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Martha Zechmeister "The Martyred People Today and the Hope they Bring Us"

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May 19, 2015

REFLECTION - Monseñor Romero, like Rutilio Grande, his predecessor, and Ignacio Ellacuría, his follower and reflective echo, had, in their historic moments, in the years before and after the Salvadoran civil war, the prophetic charism and the genius to give voice to the suffering of the people. The people, sacrificed at that time to the idol of wealth, cut down in their struggle for a life of dignity, exposed to cruel and barbaric violence, expelled from their homes and their land, livingina nightmare of torture, of overnight escapes and separation from their loved ones. This same people understood, in an instinctive and unambiguous way: Rutilio, Monseñor Romero, and Ellacuría are talking about us, about the reality that we suffer on a daily basis in our flesh.We are “the crucified people,” we are “the martyred people.”And not only arethey talking about us, but they also dignify us and apply to us the ultimate kind of hope: You all are the body of Christ, crucified in history! You all are the martyred flesh – like the flesh of the poor guy from Nazareth, in which God makes God-self present in this world shaped by sin.

Rutilio Grande, Monseñor Romero and Ignacio Ellacuría interrupted with a new way of announcing the Gospel and denouncing sin. This new way of speaking, categorically rejecting theological and pastoral “docetism,”verbage without flesh and empty of true reality.In this new language, “the living and effective Word of God, sharper than any two-edged sword” (Heb 4:12) is made incarnate. This Word creates reality; it is “liberating and saving, like the language of Jesus himself.”

Rutilio Grande, Monseñor Romero and Ignacio Ellacuría had a brilliant gift of giving words to the reality, to the suffering of the people, but it is not only this that gives their language salvific and hope-giving power that speaks directly to the hearts of the most vulnerable and unprotected, but rather the firm and absolute coherence of their lives. This coherence coated the seal of their martyrdom, which was sealed with their blood.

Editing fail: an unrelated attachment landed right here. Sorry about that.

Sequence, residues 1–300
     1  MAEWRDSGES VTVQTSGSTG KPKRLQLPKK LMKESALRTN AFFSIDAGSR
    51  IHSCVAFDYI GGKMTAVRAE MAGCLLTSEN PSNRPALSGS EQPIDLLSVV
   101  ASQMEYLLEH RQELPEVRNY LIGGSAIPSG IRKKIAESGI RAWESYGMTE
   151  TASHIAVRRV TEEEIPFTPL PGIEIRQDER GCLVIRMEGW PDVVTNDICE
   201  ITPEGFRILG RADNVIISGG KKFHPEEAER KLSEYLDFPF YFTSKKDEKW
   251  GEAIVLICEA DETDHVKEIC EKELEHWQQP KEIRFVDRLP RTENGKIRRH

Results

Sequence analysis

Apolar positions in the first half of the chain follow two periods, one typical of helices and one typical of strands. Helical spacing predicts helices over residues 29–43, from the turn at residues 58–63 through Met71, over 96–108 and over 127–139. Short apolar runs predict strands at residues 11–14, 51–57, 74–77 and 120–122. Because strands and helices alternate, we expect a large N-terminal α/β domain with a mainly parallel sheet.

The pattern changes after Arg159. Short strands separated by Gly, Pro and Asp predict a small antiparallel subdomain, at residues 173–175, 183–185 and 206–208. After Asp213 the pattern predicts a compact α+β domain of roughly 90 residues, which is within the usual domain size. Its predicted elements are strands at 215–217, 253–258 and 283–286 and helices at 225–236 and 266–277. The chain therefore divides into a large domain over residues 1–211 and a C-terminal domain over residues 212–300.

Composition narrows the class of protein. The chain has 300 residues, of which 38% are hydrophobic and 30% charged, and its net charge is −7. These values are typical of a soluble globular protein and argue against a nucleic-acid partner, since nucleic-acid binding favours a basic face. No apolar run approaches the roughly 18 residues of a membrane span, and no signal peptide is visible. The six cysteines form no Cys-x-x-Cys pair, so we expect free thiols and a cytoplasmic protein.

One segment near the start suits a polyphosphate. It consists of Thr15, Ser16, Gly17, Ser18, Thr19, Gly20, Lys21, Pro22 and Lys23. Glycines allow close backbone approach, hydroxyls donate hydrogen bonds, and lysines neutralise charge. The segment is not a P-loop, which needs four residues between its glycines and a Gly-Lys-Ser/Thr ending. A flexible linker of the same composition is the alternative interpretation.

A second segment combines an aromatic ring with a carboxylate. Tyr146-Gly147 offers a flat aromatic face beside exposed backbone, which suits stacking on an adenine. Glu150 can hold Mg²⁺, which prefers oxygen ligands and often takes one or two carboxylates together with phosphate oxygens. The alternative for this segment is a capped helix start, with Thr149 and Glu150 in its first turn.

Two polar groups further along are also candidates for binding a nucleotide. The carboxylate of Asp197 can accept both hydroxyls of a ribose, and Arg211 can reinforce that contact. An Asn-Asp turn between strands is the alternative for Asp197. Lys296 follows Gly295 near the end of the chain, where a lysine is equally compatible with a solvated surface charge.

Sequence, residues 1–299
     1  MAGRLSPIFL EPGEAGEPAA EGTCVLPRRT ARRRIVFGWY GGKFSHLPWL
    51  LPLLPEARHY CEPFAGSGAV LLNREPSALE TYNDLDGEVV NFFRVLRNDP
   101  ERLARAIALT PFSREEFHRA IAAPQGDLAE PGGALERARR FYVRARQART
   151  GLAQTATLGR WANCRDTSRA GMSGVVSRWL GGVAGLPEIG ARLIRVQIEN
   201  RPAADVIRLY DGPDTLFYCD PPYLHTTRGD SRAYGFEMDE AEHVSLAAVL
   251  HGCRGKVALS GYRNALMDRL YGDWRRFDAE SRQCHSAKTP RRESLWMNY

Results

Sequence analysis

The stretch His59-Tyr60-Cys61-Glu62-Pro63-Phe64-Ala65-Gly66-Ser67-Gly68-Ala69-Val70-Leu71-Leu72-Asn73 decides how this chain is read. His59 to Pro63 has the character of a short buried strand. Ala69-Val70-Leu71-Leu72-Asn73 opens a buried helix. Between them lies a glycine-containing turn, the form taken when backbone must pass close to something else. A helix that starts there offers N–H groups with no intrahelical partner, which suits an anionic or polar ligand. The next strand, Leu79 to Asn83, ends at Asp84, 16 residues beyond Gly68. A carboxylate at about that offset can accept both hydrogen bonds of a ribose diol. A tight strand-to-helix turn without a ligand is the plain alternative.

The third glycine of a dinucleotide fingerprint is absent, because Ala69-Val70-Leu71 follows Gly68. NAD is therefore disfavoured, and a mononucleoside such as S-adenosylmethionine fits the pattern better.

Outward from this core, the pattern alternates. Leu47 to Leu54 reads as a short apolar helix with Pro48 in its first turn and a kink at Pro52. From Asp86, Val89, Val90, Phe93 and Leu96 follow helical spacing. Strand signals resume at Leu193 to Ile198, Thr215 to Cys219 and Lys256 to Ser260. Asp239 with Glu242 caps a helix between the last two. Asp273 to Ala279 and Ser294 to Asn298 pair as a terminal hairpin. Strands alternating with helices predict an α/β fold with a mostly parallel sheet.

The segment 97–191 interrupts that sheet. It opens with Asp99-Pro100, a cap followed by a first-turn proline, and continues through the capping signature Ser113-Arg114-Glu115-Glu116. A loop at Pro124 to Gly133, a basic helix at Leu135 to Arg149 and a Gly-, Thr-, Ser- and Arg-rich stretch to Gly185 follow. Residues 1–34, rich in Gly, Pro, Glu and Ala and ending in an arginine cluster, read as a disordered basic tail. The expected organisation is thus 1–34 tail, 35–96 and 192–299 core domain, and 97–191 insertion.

Remembering the martyrs, and celebrating them, is dangerous. It obliges us, like them, to let ourselves be touched in our consciences, by the anguish and the martyrdoms that the victims suffer today; it obliges us to risk what seems like self-destructive insanity: to throw ourselves, with all of our existence, against this machinery that brutally crushes the vulnerable. To remember the body and blood of the martyrs, among them, the proto-martyr Jesus of Nazareth, not not allow for any kind of diet-celebration. It either initiates us into following them, or it is a lie, and carries with it “its own judgment” (cf. 1 Cor 11:29).

Making the legacy of the martyrs productive and doing theology in a way that is faithful to their inheritance, does not allow for any kind of sterile or mechanical repetition. One can be a specialist in the thought of Ellacuría, reading and analyzing every last word,and still betray him. Studying the thought of martyrs in depth is a task of the utmost importance that demands all of our intellectual rigor.But it can never be an end in itself, a merely academic task. To be faithful to their legacy, we are obliged to a patient exercise of contempla-tion, of paying close attention to the reality that the crucified people live today. If we do it well, it hurts. In good Salvadoran – and Austrian – slang, it hurts us to the marrow of our bones. Only from such pain can a new theological and pastoral word be born, a word that is effective and hope-giving, faithful to the inheritance of the martyrs.

We are tired of responding to the objection that the thought of the martyrs has lost validity and belongs to a past era because the “paradigm”has shifted.But yes, we are conscious that their creativity prevents us from treating them as museum objects. Rather to the contrary, it commits us even more to suing all of our creativity. Yes, it’s true, we have to “update” the inheritance of the martyrs.However: What does it mean to “update”? As Ignacio Ellacuría says: “To update something doesn’t mean, primarily, to bring it up to date in the same way that this expression might be fashionable these days. To update it means, rather, to give it present-day reality…”

I invite you all to the following exercise: to give present-day reality to the inheritance of the martyrs...


"The Martyred People Today and the Hope they Bring Us"

Martha Zechmeister

Talk to the Promoters JPIC last April 29, 2015




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